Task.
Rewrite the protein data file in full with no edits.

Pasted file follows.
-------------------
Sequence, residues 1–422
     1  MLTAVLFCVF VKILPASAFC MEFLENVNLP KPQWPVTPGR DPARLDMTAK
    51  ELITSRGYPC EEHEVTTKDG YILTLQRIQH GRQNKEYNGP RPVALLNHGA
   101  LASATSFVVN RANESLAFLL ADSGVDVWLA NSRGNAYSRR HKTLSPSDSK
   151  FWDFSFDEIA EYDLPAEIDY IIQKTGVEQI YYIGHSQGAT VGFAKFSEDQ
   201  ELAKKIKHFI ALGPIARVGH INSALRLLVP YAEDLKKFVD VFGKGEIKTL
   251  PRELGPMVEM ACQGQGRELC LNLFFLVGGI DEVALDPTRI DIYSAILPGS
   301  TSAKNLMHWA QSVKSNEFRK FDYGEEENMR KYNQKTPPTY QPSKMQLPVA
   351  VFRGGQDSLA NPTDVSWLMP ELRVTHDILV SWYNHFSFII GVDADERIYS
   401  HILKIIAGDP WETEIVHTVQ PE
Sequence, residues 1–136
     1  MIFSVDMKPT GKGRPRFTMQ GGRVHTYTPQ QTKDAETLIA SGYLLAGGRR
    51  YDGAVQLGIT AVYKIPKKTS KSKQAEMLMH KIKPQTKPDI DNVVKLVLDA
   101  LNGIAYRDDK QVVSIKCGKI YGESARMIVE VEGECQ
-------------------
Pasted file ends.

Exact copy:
Sequence, residues 1–422
     1  MLTAVLFCVF VKILPASAFC MEFLENVNLP KPQWPVTPGR DPARLDMTAK
    51  ELITSRGYPC EEHEVTTKDG YILTLQRIQH GRQNKEYNGP RPVALLNHGA
   101  LASATSFVVN RANESLAFLL ADSGVDVWLA NSRGNAYSRR HKTLSPSDSK
   151  FWDFSFDEIA EYDLPAEIDY IIQKTGVEQI YYIGHSQGAT VGFAKFSEDQ
   201  ELAKKIKHFI ALGPIARVGH INSALRLLVP YAEDLKKFVD VFGKGEIKTL
   251  PRELGPMVEM ACQGQGRELC LNLFFLVGGI DEVALDPTRI DIYSAILPGS
   301  TSAKNLMHWA QSVKSNEFRK FDYGEEENMR KYNQKTPPTY QPSKMQLPVA
   351  VFRGGQDSLA NPTDVSWLMP ELRVTHDILV SWYNHFSFII GVDADERIYS
   401  HILKIIAGDP WETEIVHTVQ PE
Sequence, residues 1–136
     1  MIFSVDMKPT GKGRPRFTMQ GGRVHTYTPQ QTKDAETLIA SGYLLAGGRR
    51  YDGAVQLGIT AVYKIPKKTS KSKQAEMLMH KIKPQTKPDI DNVVKLVLDA
   101  LNGIAYRDDK QVVSIKCGKI YGESARMIVE VEGECQ